Why settle for merely burning application windows on close when you could totally incinerate them instead?

Yes, everyone’s1 favourite over-the-top desktop effect extension is back with an update, and it adds yet another epically excessive window closing animation to its pool: Incinerate.

As you can probably imagine the new Incinerate effect takes your app windows and…

animated gif of burn my windows incinerate effect
Totally Epic, Right?

What’s great is that this new effect is compatible with GNOME 3.36 and above. Ergo, you don’t need to be running the very latest GNOME desktop to enjoy it (though be aware that this new effect is a little more resource hungry than others the extension offers).

Plus, as with all other effects in Burn My Windows, you can use it as-is or customise the animation to suit your tastes. For example, you may want to speed it up or slow it, change the colour, or introduce additional ‘turbulence’ to the physics for a wilder, less predictable look.

Tweak the effect to your liking

You can also set Incinerate effect (and any other) as your window opening animation too/instead. And if you like several effects and can’t decide which one to use: enable several and let your system pick one at random for each close/open.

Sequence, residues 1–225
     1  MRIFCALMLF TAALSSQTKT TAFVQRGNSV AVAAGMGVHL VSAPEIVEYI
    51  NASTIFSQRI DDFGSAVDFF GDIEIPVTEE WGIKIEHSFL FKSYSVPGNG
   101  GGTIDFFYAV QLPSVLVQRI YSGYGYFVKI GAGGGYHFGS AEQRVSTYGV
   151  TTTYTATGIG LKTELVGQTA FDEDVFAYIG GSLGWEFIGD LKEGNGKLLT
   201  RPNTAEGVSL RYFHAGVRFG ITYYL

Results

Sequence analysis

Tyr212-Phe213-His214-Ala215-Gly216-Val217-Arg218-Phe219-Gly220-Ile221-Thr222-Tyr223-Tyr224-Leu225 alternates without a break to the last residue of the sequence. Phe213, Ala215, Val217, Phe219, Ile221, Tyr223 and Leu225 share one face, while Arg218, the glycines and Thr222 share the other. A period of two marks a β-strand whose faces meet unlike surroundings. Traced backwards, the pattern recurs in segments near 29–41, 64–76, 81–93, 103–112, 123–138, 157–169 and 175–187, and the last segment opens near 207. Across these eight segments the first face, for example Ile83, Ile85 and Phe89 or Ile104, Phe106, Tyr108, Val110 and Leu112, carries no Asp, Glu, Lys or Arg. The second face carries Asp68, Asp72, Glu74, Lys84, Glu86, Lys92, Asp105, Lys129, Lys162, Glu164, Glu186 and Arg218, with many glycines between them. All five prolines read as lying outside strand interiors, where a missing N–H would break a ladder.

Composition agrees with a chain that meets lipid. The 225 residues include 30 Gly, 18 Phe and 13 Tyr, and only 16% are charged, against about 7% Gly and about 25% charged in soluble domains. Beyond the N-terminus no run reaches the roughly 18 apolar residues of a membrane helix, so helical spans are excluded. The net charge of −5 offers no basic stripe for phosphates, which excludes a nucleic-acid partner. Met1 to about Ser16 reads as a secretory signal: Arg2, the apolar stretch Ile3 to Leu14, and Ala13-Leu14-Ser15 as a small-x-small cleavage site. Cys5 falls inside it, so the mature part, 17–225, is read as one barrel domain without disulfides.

Burn My Windows GNOME Extension

‘Burn My Windows’ is free, open source software (and now some of its cool effects support KDE Plasma too, which is neat). You can install Burn My Windows from the GNOME extensions website.

These days my preferred way to install GNOME extensions on Ubuntu isn’t using a browser, but the frickin’ fantastic Extensions Manager app that is available in the 22.04 repos (run a gnome-shell-extension-manager) or find it on Flathub.

Already have the extension installed? You’ll get this update automatically in the background but it’ll only be “installed” when you next log out or restart your GNOME session.

1 Or just me, I’m not sure. Not done the research yet 💅🏻.

Eye Candy GNOME Extensions